Sections

Weather Forecast

Close

DL wastewater woes

Wastewater Supervisor Scott Gilbertson talks about the color of the water in one of the primary clarifiers being discolored from the dye from Lakeshirts. DL NEWSPAPERS/Brian Basham
News Detroit Lakes,Minnesota 56501 http://www.dl-online.com/sites/default/files/styles/square_300/public/field/image/11-17-wastewater.jpg?itok=Six5DfRi
Detroit Lakes Online
DL wastewater woes
Detroit Lakes Minnesota 511 Washington Avenue 56501

A lot of changes will be happening to the wastewater treatment plant in Detroit Lakes over the next nine years.

While that may sound like a long time, it won’t be for the changes that are to come.

When the city tried to renew its wastewater permit in early 2012, the Minnesota Pollution Control Agency tightened some restrictions, making the facility out of compliance.

A total maximum daily load study had been done to the impaired waters of Lake St. Clair, where treated wastewater is distributed in the wintertime, and the intake to the lake was drastically reduced. That means it may not be an option for Detroit Lakes’ treated wastewater anymore.

The wastewater treatment facility, located on Willow Street, has been added onto multiple times over the years, beginning in 1929 and again in 1942, 1975 and 1995.

Facilities are built with a 40-year life expectancy on average.

“We certainly got our life expectancy out of it,” said Utilities Supervisor Vernell Roberts.

After being run through multiple purifiers and holding ponds, treated wastewater from the facility is distributed in two different ways: During the summer months, the treated water is applied to the land as fertilizer. There are shallow ponds out by the city-county airport where the water is absorbed and used for spray irrigation.

 During the winter, that wastewater makes its way to Lake St. Clair.

Most lakes can naturally absorb nutrients, but Lake St. Clair is very limited in that ability.

The phosphorus limits had been set at 1 milligram per liter, or 6,142 pounds, but that has now been reduced to mass annual loading of 196 kilograms a year, or 432 pounds.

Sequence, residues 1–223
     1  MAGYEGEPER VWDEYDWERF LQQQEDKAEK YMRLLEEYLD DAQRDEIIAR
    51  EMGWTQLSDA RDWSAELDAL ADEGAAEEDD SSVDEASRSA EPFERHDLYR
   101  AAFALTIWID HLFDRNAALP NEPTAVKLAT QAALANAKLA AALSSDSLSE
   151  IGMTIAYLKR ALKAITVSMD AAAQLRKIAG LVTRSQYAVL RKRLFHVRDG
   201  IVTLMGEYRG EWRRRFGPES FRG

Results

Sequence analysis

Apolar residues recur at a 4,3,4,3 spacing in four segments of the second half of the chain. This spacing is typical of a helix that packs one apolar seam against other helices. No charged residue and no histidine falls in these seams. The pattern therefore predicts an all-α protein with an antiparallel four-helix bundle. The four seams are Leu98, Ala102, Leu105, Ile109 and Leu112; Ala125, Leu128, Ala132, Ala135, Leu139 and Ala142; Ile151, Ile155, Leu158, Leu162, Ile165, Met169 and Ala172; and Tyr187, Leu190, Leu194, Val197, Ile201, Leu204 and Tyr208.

That change means the Detroit Lakes treatment plant has to reduce phosphorus in its discharge stream by 93 percent.

“That is a big reduction,” Roberts said.

The spray irrigation isn’t a problem, but the discharge into Lake St. Clair is a big problem, in part because it contains ammonia or some similar substance.

“I’m 99.9 percent sure it’s ammonia,” Roberts said, but the other .1 percent has to be verified.

“If you’re looking at year-round discharge to St. Clair, it’s almost impossible,” said Wastewater Supervisor Scott Gilbertson.

He said the treatment of wastewater is still excellent, but the facility is also reaching its limits with the various ages of the facilities, the new restrictions and the continued growth of the city.

“We have some challenges,” he said.    

So the city is going to be doing some major overhauling of the system — although the details are still in question.

“It’s a huge investment for the city,” Roberts said of doing work on the wastewater plant, whether it’s upgrades, adding on, or building a new facility.

What the upgrades or changes will be are up in the air at this point. On Tuesday, the Detroit Lakes City Council approved entering into an agreement with Short Elliot Hendrickson, Inc., a Twin Cities engineering firm, to determine what needs to be done to the Detroit Lakes facility to comply with the MPCA permits.

The firm will study and determine capacity, technology, water usage, lift stations, future service areas and more. The study will take about two years.

“I think they’ll do a good job,” Roberts said.

To put the study into action, though, will take several more years, making this about a nine-year process.

“It’s so important to do this right,” Roberts said. “We need to make it adequate for 40-50 years. We can’t have a misstep. A misstep could cost millions of dollars.”

To help pay for the project, the city is raising wastewater rates gradually over the next few years, a few percentage points at a time. Roberts said he recommended doing that because he’s seen cities toe the line for several years and then suddenly have a 30-40 percent hike at once.

“That’s so hard to absorb,” he said.

There will be other means to pay for the project including bonds — some debt service bonds will be paid off in 2016 so more bonds could be sold for the project — and grants.

“If we get 15-20 percent in grant money, we’ll be dancing in the streets,” Roberts said.               

He said he plans to start a community committee to work on what is needed out of the plant, too.

“I want to maintain the quality of life in Detroit Lakes.”

The area is heavily dependent on the lake quality, he said, and that needs to stay on track for the sake of the city.        

“We need to maintain the high quality of lakes and high quality of tourism,” he said.

Follow Pippi Mayfield on Twitter at @PippiMayfield.

Advertisement